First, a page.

By challenging the conventional 24/7 inhibition paradigm, DCI has the potential to redefine the treatment landscape for RAS- and RAF-mutant cancers. It offers a novel and potentially more effective ther­apeutic strategy with improved tolerability. As with all new approaches in the treat­ment of cancer, support must be deeply rooted in data. The DCI mechanism is supported by extensive preclinical and now clinical data demonstrating its potential to be translated on a larger scale.

Immuneering’s progress in under­standing the DCI mechanism can also present opportunities to rethink treatment methods in other areas. The approach is not limited to MEK inhibition. It could po­tentially be applied to additional targets or pathways that: 1) are inappropriately acti­vated in a disease state; 2) demonstrate a biologic addiction to sustained signaling; and 3) allow the DCI cycle to align with underlying disease biology. Immuneering will continue to follow the data to expand and optimize the potential of DCI to play a role in treatment of a broad range of cancers in the years ahead.


  1. Cancer Research Institute. (2022, Feb 10). PD-1 / PD-L1 Landscape. https://www.cancerresearch.org/pd-1-pd-l1-landscape.
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  3. Cheng, Y. and Tian, H. Current Development Status of MEK Inhibitors. Molecules. 2017 Sep 26;22(10):1551. doi: 10.3390/mole­cules22101551.
  4. BioSpace. (2022, July 1). MEK Inhibitors Clinical Development Market Approval Insight 2026. https://www.biospace.com/article/mek-in­hibitors-clinical-development-market-approval-insight-2026/.
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  6. Conroy. M., Cowzer. D., Kolch. W. and Duffy, A.G. Emerging RAS-di­rected therapies for cancer. Cancer Drug Resist. 2021 Apr 8;4(3):543-558. doi: 10.20517/cdr.2021.07.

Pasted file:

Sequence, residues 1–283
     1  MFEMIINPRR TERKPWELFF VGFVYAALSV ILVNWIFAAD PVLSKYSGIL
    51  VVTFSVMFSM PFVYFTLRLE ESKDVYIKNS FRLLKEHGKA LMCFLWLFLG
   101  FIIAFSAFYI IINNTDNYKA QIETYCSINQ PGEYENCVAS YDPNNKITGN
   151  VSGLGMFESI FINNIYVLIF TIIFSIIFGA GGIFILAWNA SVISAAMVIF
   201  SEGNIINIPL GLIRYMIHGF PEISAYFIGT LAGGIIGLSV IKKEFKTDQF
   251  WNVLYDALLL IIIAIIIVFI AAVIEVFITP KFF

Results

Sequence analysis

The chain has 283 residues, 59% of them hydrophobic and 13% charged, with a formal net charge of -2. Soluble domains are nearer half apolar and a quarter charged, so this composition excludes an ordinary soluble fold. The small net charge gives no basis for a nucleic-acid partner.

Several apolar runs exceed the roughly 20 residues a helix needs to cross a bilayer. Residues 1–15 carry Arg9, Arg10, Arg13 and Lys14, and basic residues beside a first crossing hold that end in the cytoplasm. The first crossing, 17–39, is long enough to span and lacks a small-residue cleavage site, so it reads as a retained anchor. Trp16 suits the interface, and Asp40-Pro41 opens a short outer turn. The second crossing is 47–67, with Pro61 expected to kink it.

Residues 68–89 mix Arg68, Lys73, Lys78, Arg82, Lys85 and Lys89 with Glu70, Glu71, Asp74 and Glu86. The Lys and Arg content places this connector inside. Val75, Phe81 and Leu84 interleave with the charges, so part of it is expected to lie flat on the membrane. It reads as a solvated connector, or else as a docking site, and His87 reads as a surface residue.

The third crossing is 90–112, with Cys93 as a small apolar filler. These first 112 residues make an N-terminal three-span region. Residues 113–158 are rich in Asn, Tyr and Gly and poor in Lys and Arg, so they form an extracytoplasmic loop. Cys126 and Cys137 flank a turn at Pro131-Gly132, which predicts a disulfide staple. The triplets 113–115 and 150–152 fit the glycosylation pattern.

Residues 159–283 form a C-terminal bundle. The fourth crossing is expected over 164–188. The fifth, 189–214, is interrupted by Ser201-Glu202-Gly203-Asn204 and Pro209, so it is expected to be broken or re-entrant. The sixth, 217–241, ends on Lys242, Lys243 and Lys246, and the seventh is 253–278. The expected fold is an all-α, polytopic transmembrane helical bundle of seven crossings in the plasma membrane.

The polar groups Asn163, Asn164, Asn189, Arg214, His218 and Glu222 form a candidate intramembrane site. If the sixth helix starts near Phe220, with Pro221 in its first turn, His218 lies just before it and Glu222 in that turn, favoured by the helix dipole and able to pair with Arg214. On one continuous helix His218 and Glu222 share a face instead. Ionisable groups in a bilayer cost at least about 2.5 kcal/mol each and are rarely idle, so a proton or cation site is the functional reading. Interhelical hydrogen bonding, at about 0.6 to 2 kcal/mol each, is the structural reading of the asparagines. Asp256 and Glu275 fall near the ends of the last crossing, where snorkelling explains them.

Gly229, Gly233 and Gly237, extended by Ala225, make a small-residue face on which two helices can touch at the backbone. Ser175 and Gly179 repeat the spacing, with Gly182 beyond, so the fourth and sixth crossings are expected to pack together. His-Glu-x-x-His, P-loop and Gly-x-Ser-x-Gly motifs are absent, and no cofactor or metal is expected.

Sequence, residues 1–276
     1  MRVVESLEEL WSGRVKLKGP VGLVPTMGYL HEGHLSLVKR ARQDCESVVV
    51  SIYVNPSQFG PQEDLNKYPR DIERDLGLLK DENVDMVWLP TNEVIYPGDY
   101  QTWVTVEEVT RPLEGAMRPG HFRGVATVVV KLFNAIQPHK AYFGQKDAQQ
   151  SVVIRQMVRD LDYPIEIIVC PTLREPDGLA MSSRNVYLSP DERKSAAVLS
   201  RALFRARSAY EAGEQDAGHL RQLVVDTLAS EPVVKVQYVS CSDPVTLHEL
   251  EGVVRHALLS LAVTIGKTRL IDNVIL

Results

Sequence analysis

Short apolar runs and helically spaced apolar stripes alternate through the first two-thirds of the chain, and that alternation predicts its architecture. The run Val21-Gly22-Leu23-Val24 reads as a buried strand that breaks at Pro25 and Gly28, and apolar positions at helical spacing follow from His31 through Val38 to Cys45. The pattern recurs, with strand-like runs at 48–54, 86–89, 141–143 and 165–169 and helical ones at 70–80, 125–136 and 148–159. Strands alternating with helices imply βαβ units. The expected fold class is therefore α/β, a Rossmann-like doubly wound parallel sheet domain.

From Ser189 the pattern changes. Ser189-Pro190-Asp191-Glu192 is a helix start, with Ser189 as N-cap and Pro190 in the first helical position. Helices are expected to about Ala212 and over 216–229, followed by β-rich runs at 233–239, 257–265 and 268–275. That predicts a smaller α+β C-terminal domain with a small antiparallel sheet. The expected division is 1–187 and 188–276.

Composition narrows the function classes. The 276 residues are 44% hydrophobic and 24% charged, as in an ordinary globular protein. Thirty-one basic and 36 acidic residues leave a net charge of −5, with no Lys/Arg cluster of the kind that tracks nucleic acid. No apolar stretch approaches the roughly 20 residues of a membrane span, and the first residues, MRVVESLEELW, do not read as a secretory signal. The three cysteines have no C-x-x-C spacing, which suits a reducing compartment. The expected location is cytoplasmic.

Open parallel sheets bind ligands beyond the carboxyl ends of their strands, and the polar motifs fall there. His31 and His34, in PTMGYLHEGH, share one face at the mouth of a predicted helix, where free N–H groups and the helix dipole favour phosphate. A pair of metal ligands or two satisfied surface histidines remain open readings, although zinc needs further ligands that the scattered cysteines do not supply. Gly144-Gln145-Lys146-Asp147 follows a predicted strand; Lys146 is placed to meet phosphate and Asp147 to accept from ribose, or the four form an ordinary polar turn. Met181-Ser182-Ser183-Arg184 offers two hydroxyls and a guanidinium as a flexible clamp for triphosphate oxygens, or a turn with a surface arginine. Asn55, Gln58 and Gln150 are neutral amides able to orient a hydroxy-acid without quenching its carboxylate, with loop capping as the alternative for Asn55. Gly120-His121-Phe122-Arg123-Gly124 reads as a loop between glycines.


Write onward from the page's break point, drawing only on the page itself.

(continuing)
7. Yaeger, R. and Corcoran, R.B. Targeting alterations in the RAF-MEK pathway. Cancer Discov. 2019 March;9(3):329-341. doi: 10.1158/2159-8290.CD-18-1321.
  8. Waters, A.M. and Der, C.J. KRAS: The Critical Driver and Therapeutic Target for Pancreatic Cancer. Cold Spring Harb Perspect Med. 2018 Sep 4;8(9):a031435. doi: 10.1101/cshperspect.a031435.
  9. Burotto, M., Chiou, V.L., Lee, J-M. and Kohn, E.C. The MAPK pathways across different malignancies: A new perspective. Cancer. 2014 Nov 15;120(22):3446-56. doi: 10.1002/cncr.28864.
  10. Immuneering Corporation. (2023, March 5). Immuneering Presents Preclinical Data with Lead Program IMM-1-104 Supporting Universal-RAS Activity. https://immuneering.com/2023/03/05/immuneering-presents-preclinical-data-with-lead-program-imm-1-104-supporting-universal-ras-activity/.
  11. Immuneering Corporation. (2023, April 18). Immuneering Announces Positive Initial Phase 1 Pharmacokinetic, Pharmacodynamic and Safety Data for IMM-1-104 Universal-RAS Program; Accelerates Study Timeline. https://ir.immuneering.com/news-releases/news-release-details/immuneering-announces-positive-initial-phase-1-pharmacoki­netic.
  12. Immuneering Corporation. Immuneering Completes Dose Escalation in the IMM-1-104 Phase 1 Clinical Trial for RAS-Mutant, Advanced Solid Tumors. (2023, June 5). https://ir.immuneering.com/news-re­leases/news-release-details/immuneering-completes-dose-escalation-imm-1-104-phase-1-clinical.
  13. Immuneering Corporation. Immuneering Presents Preclinical Data Demonstrating Encouraging Anti-Tumor Activity for IMM-1-104 and IMM-6-415 at AACR-NCI-EORTC Conference (2023, October 12). https://ir.immuneering.com/news-releases/news-release-details/im­muneering-presents-preclinical-data-demonstrating-encouraging.
  14. Pfizer Inc. U.S. FDA Approves Pfizer’s BRAFTOVI® + MEKTOVI® for BRAF V600E-Mutant Metastatic Non-Small Cell Lung Cancer (2023, October 12). https://www.pfizer.com/news/press-release/press-re­lease-detail/us-fda-approves-pfizers-braftovir-mektovir-braf-v600e.

Dr. Ben Zeskind is Co-founder and Chief Executive Officer of Immuneering Corporation, a public, clinical-stage oncology company dedicated to developing medicines for broad populations of cancer patients, and has served in these roles at the company since February 2008. He earned his SB in Electrical Engineering and Computer Science, his PhD in Bioengineering from Massachusetts Institute of Technology (MIT), and his MBA from Harvard Business School, where he was recognized as a Baker Scholar, the highest award for distinction.